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Some people think London is a metropolis that is constantly reinventing itself - but in reality, it's a whole planet in itself. Right under its surface, and nonetheless well-hidden, the true heart of London is beating: individual little shops offering everything special - from cuff links and vests to ancient fireplaces and sinks, books of artists, old lamps, ukuleles, magicians tricks and accessories, stuffed animals, choice wine and paper - here, the connoisseur and browser will find whatever the heart desires. Can you buy fairies, or buttonholes, equipment for Freemasons, old tools, or theatres made out of paper? All this and so much more is no problem in this cosmos of eccentricities, in London's craziest and most tantalising shops. An indispensable guide for everyone out for a stroll, and for enjoyment!
The ultimate coffee-lover's guide to London Features London's most interesting and unusual coffee shops from neighborhood cafes to third-wave espresso bars 80% of Londoners drink coffee every day! 800,000 Brits visit a coffee shop at least 4 times a week! Part of the international 111 Places/111 Shops series with over 150 titles and 1 million copies in print worldwide Fully illustrated with 111 full-page color photographsGet your espresso fix in a gentlemen's toilet. Sip a cappuccino in a cafe-cum-upholstery shop. Scoop up a vintage Hermes scarf while you wait for your macchiato. London's new and adventurous coffee culture is full of exotic surprises and unexpected entertainments. Coffee enthusiasts in search of the best brew in town are being spoiled by baristas who have turned coffee-making into an art form; many cafes today roast their own beans, combine coffee with art, music, and literature, sell equipment for home brewing, or can be found in unusual locations such as lavatories and barber shops. This modern guidebook takes you on a caffeinated journey to the capital's hippest, tastiest, and most unusual coffee shops. Also available: 111 Places in London That You Shouldn't MissISBN 9783954513468 111 Shops in London That You Shouldn't Miss ISBN 9783954513413"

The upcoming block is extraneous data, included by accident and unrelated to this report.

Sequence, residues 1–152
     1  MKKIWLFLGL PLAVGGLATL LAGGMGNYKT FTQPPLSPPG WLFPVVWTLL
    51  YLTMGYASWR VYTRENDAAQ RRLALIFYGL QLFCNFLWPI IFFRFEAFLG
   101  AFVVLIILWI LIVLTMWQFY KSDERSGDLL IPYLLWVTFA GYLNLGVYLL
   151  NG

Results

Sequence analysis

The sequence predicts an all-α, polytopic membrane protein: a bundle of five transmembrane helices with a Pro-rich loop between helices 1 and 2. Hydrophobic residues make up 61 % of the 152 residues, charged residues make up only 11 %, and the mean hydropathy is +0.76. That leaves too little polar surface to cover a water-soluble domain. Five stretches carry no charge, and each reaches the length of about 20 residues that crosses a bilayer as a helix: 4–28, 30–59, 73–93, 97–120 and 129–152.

* Fully illustrated with more than 250 color photographs and 33 maps* Part of the international 111 Places/111 Shops series with over 150 titles and 1 million copies in print worldwide Experience the less explored nooks and pockets of Britain's capital through the eyes of a passionate local. With its labyrinth of characterful streets and alleys, charming squares, open green spaces, monuments and museums, public artworks, bustling markets, and tempting boutiques and restaurants, London is a walker's paradise. Whether you're a first time visitor or longtime local, the city offers endless surprises - fascinating sights and stories, both ancient and modern, hidden in plain view. London insider and native Nicola Perry leads you away from the famed attractions on 33 strolls through the city's most interesting enclaves, sharing entertaining insights, historical anecdotes, and engaging tips at every cobblestoned turn. Each walk burrows its way into the heart of a neighborhood, crafting and curating a path that reveals its individual essence and personality.
*The ultimate insider's garden guide to London, fully illustrated with 111 full-page color photographs*Features interesting and unusual places not found in traditional travel guides*An extension of the international 111 Places/111 Shops series with over 170 titles and 1 million copies in print worldwide *Appeals to both the local market (nearly 8.5 million people call London home) and the tourist market (over 16.7 million people visit London every year)Which garden can you enter only if you are accompanied by children? Where can you find walrus bones, vampire stories and inspiration for red telephone boxes? And since when do you see skateboards and mobile phones in roman mosaics? London's gardens and parks form the green lung of the multimillion housing capital, but also its heart and soul. Londoners commemorate their beloveds on park benches, they volunteer to keep up community gardens and nature reserves, and they get upset when snails attack their favorite plant. The city's 400-plus green spaces are not only testament to the English love of gardening; they are also steeped in history. Kings hunted here, airships were built in London parks, and many famous Londoners are buried in graveyards-turned-gardens. Our guide leads the way into the unknown: dark corners of major parks, enchanted green paradises, and tiny gardens tucked away in rubbish skips or on the rooftops.
Almost everybody knows Big Ben, the British Museum, Buckingham Palace, and the Tower Bridge. But the secret London which shapes the flair of the capital of the British Empire more than anything else is getting harder and harder to find. This guide elucidates unknown aspects of well-known places, but also explores the London unknown to foreigners and, in part, to natives, and its unique stories. Such as bars with noble origins going back for centuries; listed concrete fortresses; 300 year-old wine shops and synagogues; mosques and Buddhist temples; a tree planted in 1802, the lowest mighty branches of which are no higher than your head; a medieval cemetery for pariahs; a street lantern which has been lit for more than 100 years; the monument to 10,000 Jewish children saved from the Nazis, and one for the Great Fire of 1666; the police den on Trafalgar Square; legal and illegal street art; a crypt in which skulls and bones are arranged in a checkerboard pattern; or the secluded place where Paul McCartney concealed his firm. Unknown London from the Middle Ages until today - brand new.